In other words, not even those who did intervene in humanitarian emergencies based their actions on a universal right to unilateral intervention. Transnational refugee flows or other destabilising events caused by humanitarian emergencies can be construed as a threat to the national security of the receiving country, and their prevention through humanitarian intervention would thus fall under article If the flow of refugees from country A to country B poses a threat to international peace and security, it clearly poses also a threat to country B.

The crucial difference between self-defence and multilateral action lies in the validation of such a claim by the security council in the latter case. Multilateral action enjoys wider acceptance in virtue of its undisputed legitimacy. Furthermore, the deployment of military forces not directly involved in the initial conflict ensures or is intended to ensure that the troops acting on behalf of the UN do not transgress their mandate to pursue narrow national policies.

The interpretation of humanitarian crises as threats to international peace and security reveals the intricate link between the two. Flows of refugees are a strong indication of domestic conditions which have the potential to disrupt regional stability. In other words, the fact that a particular government cannot provide for, or indeed infringes on the security of its subjects is a clear symptom of dangerous political instability.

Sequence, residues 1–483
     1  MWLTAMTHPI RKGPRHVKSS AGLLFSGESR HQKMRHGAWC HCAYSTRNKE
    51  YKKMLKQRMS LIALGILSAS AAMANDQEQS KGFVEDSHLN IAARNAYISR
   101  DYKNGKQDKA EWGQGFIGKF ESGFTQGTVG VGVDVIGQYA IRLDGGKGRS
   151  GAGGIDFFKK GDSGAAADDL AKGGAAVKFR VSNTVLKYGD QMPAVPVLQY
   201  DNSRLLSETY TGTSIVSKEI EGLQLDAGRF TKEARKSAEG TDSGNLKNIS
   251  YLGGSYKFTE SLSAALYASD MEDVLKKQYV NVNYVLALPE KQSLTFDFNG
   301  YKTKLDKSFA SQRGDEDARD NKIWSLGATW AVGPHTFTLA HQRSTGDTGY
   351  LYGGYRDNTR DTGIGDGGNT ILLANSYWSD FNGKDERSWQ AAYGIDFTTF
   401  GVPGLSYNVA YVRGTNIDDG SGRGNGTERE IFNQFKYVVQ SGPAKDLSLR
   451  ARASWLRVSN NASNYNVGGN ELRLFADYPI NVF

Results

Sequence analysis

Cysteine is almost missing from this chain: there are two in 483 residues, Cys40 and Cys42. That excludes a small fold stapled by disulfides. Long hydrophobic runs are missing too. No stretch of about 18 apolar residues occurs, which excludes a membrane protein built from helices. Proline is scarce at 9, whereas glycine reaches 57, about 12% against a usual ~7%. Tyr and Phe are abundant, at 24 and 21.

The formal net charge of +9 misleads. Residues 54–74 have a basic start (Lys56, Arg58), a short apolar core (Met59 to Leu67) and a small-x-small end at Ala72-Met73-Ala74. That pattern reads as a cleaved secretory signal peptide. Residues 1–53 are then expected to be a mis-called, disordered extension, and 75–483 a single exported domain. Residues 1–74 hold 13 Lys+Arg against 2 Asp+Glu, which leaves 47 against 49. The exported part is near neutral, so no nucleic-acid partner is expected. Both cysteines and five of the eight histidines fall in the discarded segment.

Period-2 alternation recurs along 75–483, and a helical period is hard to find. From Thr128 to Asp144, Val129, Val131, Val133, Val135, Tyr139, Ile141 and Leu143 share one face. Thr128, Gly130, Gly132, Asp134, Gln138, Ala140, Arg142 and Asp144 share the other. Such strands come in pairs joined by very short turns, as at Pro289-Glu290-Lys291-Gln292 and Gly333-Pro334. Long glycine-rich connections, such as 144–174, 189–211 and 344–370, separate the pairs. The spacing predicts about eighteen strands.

Moreover, the pure magnitude of refugee flows can severely undermine the stability of receiving countries, particularly where the refugee crisis takes place in an unstable or poor region, which it usually does.

In such cases, the invocation of chapter vii to legitimise intervention does not appear excessive, although for various reasons the security council has authorised chapter vii actions frequently after and only twice [8] before. The unique element of such interventions lies in the fact that they often concern states that do not pose a military threat to their neighbours as did Iraq ; a direct military threat, however, was what the drafters of chapter vii had in mind.

To regard humanitarian crises as threats to regional stability means to acknowledge that there are no purely humanitarian problems: To stress the political element even in traditional humanitarian assistance highlights how problematic the distinction between peacekeeping as an answer to political troubles and relief action as an answer to humanitarian crises really is.

Even emergencies falling under the criteria for traditional humanitarian relief have a political character. The decision, for instance, whether to respond to a particular crisis is highly political. An important conceptual and practical consequence of this realisation is the establishment of humanitarian measures as instruments of security policy.

This would further collapse the distinction between the motives underlying self-defence and multilateral action. Finally, the price we would have to pay for grounding humanitarian intervention on considerations of strategy alone consists in the very real danger that some, perhaps many crises simply fall through the net of regional self-interest.